What is agonist / antagonist action with buprenorphine?

This is an important concept. It is why buprenorphine is unique as a treatment medication.

An agonist is a drug that activates certain receptors in the brain. Full agonist opioids activate the opioid receptors in the brain fully resulting in the full opioid effect. Examples of full agonists are heroin, oxycodone, methadone, hydrocodone, morphine, opium and others.

An antagonist is a drug that blocks opioids by attaching to the opioid receptors without activating them. Antagonists cause no opioid effect and block full agonist opioids. Examples are naltrexone and naloxone. Naloxone is sometimes used to reverse a heroin overdose.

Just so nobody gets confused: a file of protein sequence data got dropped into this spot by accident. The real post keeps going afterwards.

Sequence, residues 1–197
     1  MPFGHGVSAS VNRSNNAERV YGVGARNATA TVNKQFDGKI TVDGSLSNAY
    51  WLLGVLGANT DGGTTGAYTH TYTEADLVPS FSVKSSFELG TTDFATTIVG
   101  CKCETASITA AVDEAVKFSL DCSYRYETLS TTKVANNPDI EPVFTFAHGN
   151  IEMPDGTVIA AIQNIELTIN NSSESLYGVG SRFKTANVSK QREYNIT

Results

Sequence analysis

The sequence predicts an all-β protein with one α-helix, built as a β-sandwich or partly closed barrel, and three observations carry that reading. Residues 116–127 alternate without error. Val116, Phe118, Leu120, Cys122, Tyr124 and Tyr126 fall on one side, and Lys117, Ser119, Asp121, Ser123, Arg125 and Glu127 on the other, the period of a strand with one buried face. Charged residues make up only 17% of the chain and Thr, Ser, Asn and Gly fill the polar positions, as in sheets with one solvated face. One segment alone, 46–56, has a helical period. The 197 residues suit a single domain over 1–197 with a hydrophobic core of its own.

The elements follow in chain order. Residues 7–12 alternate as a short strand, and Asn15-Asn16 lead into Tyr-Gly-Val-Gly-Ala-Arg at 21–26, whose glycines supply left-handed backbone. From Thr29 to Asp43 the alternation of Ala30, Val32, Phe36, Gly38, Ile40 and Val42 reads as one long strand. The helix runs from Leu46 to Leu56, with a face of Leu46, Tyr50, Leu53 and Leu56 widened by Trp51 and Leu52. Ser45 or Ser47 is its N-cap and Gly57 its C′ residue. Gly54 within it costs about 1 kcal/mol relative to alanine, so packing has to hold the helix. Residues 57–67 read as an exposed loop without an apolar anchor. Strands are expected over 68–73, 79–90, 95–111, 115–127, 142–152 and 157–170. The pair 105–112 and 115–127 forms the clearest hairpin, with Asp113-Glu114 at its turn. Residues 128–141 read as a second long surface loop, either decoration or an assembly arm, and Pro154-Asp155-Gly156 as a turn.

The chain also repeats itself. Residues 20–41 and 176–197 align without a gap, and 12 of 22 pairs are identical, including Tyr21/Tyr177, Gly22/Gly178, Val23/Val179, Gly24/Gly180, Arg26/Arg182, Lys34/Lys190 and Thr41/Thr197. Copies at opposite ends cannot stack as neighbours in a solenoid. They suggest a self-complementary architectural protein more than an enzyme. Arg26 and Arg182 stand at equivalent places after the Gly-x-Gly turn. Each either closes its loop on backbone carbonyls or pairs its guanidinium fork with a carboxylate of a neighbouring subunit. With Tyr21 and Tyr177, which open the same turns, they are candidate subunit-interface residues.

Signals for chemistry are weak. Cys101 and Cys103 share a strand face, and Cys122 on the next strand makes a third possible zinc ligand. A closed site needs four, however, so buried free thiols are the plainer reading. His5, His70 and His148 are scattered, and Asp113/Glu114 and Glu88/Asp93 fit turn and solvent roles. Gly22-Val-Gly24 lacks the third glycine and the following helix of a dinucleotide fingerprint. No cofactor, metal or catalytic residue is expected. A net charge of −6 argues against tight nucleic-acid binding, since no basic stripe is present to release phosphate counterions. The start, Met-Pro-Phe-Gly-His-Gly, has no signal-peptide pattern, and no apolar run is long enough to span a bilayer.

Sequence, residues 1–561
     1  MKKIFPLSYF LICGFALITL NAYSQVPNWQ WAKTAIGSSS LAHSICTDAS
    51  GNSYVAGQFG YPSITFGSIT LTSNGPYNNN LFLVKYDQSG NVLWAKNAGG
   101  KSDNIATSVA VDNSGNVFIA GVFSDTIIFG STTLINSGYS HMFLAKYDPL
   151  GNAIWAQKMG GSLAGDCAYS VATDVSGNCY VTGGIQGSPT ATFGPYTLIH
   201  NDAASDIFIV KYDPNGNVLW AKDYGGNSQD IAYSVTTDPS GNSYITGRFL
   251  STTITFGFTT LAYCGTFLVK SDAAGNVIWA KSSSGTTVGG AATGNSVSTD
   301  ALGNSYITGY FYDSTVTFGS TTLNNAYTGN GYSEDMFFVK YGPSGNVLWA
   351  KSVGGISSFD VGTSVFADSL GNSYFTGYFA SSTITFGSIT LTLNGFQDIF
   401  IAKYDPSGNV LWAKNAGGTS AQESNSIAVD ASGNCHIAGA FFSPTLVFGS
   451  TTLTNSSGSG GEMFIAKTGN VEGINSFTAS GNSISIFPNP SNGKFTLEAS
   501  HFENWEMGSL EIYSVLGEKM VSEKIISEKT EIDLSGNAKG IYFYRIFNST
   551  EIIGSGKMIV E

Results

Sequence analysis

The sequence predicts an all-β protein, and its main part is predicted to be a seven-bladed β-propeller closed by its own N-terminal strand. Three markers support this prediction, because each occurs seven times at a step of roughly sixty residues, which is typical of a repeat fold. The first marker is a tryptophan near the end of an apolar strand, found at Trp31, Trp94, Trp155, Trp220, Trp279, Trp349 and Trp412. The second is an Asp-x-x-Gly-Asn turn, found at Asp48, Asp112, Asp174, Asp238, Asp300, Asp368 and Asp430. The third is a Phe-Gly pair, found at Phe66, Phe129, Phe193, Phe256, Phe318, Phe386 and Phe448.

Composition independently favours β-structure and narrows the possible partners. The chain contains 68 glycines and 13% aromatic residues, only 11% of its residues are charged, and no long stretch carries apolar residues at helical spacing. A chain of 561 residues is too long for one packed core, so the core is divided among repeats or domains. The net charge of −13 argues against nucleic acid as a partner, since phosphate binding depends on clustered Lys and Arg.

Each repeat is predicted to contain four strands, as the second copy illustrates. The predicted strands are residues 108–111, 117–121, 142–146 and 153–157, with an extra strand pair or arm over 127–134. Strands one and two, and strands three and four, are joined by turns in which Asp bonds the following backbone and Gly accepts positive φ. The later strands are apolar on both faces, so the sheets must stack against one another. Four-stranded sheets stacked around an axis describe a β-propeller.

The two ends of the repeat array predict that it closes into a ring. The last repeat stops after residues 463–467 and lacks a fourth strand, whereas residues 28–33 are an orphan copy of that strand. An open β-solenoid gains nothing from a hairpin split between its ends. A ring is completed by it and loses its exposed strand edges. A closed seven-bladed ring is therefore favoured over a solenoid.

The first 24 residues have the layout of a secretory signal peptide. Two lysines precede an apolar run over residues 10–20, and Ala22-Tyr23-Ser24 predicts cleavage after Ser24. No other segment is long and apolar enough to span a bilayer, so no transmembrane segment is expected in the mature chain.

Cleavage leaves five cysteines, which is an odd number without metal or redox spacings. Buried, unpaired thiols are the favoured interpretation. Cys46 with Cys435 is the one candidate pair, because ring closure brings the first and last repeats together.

Buprenorphine is an opioid partial agonist. This means that, although buprenorphine is an opioid, and thus can produce typical opioid effects and side effects such as euphoria and respiratory depression, its maximal effects are less than those of full agonists like heroin and methadone. At low doses buprenorphine produces sufficient agonist effect to enable opioid-addicted individuals to stop the misuse of opioids without experiencing withdrawal symptoms. The agonist effects of buprenorphine increase with increasing doses of the drug until it reaches a plateau and no longer continues to increase with further increases in dosage. This is called the “ceiling effect.” Thus, buprenorphine carries a lower risk of abuse, addiction, and side effects compared to full opioid agonists. In fact, buprenorphine can actually block the effects of full opioid agonists and can precipitate withdrawal symptoms if administered to an opioid-addicted individual while a full agonist is in the bloodstream. This is the result of the high affinity buprenorphine has on the opioid receptors. The affinity refers to the strength of attraction and likelihood of a substance to bind with the opioid receptors. Buprenorphine has a higher affinity than other opioids and as such will compete for the receptor and win. It will “knock off” other opioids and occupy that receptor blocking other opioids from attaching to it. If you try to take opioids on top of buprenorphine, you will experience no effect.

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